By Lee Schoenbart
There are no best-kept secrets or secret ingredients when these local business owners gather each month in Carmel Valley to enhance their organizations' success and profitability.
Relatively new and still small in number, the members of Founder Roundtable are quite diverse — from CPAs to high-tech. The only criteria for participation are to have started and be currently involved in the operation of a business or contemplating starting a business.
The founder of Founder Roundtable is Carmel Valley business and technology attorney Dennis Calderon. After conferring with a number of clients, Calderon concluded that such a forum would be an excellent way to bring together entrepreneurs and industry experts — as well as those planning to start a business — in small groups for interactive discussions on a variety of business topics.
"I've been a business attorney for over 15 years and I have had my own practice since late 2001, so I work with a lot of entrepreneurial companies, usually start-ups or early stage," said Calderon from his office on El Camino Real.
"I work with a lot of entrepreneurs in a legal capacity, but often we have discussions around matters, and sometimes there's a need and often just an appreciation in talking with other business founders or business owners and finding experts that can help in different areas other than hiring them to fix a specific issue," he said.
He referred to such problem solvers as "subject-matter experts" and said the forum idea grew from connecting these individuals with the owners of financial, marketing, legal and a host of other businesses and "having the ability to put them all together."
"So I thought I'd do that on an informal basis, and that's how the Founder Roundtable was born," Calderon said.
While acknowledging that the concept is not a new one, Calderon said what sets the Founder Roundtable apart early on is that compared with other business roundtables that screen clients based on a set of qualifications, "My roundtables are open to all business owners who want to participate in the discussions.
"Investment level or cost is a barrier to some folks where there might be a bit of an 'intimidation factor' of paying a lot to join or the ultimate prospect of having to join some kind of membership," he said. "Some organizations tend to be very influenced or directed by larger organizations or big sponsors, and that tends to guide how that organization goes.
"This model (Founder Roundtable) is completely different," Calderon said. "It's not limited to a sponsor group. It's not funded by sponsors. It's intended to be a 'real easy to participate in' forum. It's not limited to just members. It's not intended to be a sales platform for sponsors. It's really just about helping the founders improve their company and get to the next level in a way that doesn't create a stressful situation for them."
Calderon admitted he had some input as to the roundtable topic selection.
"They are a lot of fun, because they're not just legal," he said with a laugh. "Some of the ideas come from participants or from areas that I've seen in the past that are of a lot of interest to a founder.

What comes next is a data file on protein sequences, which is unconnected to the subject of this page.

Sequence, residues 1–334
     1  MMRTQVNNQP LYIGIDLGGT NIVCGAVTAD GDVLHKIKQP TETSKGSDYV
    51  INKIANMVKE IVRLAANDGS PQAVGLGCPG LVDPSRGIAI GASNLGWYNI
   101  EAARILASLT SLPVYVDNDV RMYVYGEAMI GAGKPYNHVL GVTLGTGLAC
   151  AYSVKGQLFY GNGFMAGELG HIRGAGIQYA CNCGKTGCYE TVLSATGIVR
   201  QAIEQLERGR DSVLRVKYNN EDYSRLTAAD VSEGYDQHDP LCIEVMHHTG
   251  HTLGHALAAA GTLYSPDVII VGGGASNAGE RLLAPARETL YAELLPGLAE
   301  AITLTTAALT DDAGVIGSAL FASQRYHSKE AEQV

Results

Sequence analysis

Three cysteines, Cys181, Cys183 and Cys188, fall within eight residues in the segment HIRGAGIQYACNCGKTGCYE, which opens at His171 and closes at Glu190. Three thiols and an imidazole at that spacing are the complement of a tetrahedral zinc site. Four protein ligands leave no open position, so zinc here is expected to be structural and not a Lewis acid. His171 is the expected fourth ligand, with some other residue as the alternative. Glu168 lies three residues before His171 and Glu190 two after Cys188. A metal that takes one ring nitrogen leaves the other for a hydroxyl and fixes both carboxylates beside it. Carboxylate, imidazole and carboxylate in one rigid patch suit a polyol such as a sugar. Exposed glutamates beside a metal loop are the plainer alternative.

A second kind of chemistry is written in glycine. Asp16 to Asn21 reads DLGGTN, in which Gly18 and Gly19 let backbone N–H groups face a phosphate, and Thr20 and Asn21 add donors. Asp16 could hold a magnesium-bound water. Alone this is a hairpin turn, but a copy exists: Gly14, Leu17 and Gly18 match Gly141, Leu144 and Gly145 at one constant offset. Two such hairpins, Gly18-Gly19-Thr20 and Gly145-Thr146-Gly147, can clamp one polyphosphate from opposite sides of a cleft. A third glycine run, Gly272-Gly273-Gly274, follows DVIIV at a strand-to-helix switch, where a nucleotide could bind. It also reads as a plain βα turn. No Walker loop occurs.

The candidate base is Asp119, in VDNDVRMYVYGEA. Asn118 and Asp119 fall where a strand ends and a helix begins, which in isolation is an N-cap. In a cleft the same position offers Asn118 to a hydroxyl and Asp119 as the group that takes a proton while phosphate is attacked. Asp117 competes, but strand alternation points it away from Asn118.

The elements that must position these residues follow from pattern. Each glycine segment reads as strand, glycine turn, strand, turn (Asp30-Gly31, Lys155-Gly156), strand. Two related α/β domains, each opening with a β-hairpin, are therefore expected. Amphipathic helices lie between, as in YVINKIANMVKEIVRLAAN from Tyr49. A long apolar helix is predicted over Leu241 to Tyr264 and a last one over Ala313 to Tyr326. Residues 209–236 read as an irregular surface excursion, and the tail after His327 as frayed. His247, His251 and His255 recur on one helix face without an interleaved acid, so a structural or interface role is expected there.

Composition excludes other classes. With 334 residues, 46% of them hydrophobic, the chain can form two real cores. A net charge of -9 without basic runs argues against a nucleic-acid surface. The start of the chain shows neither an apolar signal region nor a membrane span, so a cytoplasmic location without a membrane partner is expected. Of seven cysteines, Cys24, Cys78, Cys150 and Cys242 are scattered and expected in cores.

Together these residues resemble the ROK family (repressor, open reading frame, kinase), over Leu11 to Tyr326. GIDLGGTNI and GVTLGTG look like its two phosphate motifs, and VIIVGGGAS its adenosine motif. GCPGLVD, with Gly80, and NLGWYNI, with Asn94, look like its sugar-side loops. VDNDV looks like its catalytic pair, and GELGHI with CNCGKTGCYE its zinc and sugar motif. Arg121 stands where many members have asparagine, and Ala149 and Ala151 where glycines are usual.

"It's kind of a mix," he said. "We asked for a lot of suggestions and requests from the participants as well as from the experts. Anyone who's dealt with an entrepreneur or has been an entrepreneur usually has as short list of things they would love to talk about."
That included the roundtable's first gold sponsor, Dagger Board Advisors, a group that works with companies in technology. Last month, Dagger Board Advisors hosted the group's first "Are You Running a Lifestyle Business or Growth Organization?" forum, a popular topic that will be revisited next month.
"The interesting thing is San Diego is very technology-focused. That seems to be what is 'sexy' and gets all the attention from a lot of business advisers," Calderon admitted.
But he quickly added: "The roundtable is not limited to high-tech or any particular industries. Some sessions might be, but I'm also very interested in creating resources for what I'll call the 'nontech industries.'
"For example, there might be needs out there for restaurant owners. Franchise owners have their own sets of issues and concerns; retailers, whether it's online or brick and mortar; every industry group or business type has its own challenges that they face that might be similar to others or unique to their industry.
"Part of the answer to how I would like to see this overall would be to be able to have different resources for different industries. 'Bootstrapping 101' is useful for a lot of folks, (while) 'Aligning Business and Software Development' is really only for technology companies. I have a friend who's a CPA and we're looking to plan a session for talking about the health care tax credit.
"Founder Roundtable is really is an opportunity to try and help a lot of different types of businesses in different areas," Calderon said. "The nice thing about this, because it is a low-stress, low-key thing, is that folks who get in touch with me are either experts who enjoy speaking in front of or with entrepreneurs or entrepreneurs who see the value in sitting in a room and talking with other folks who have similar experiences."
Upcoming roundtables include "Aligning Business and Software Development Needs" (July 15), "Are You Ready for Institutional Funding?" (July 23), "Bootstrapping 101" (July 29) and "Are You Running a Lifestyle Business or Growth Organization?" (Aug. 12).
For roundtable info, contact Calderon at (858) 350-9324 and
To learn more, visit
Calderon also writes a blog at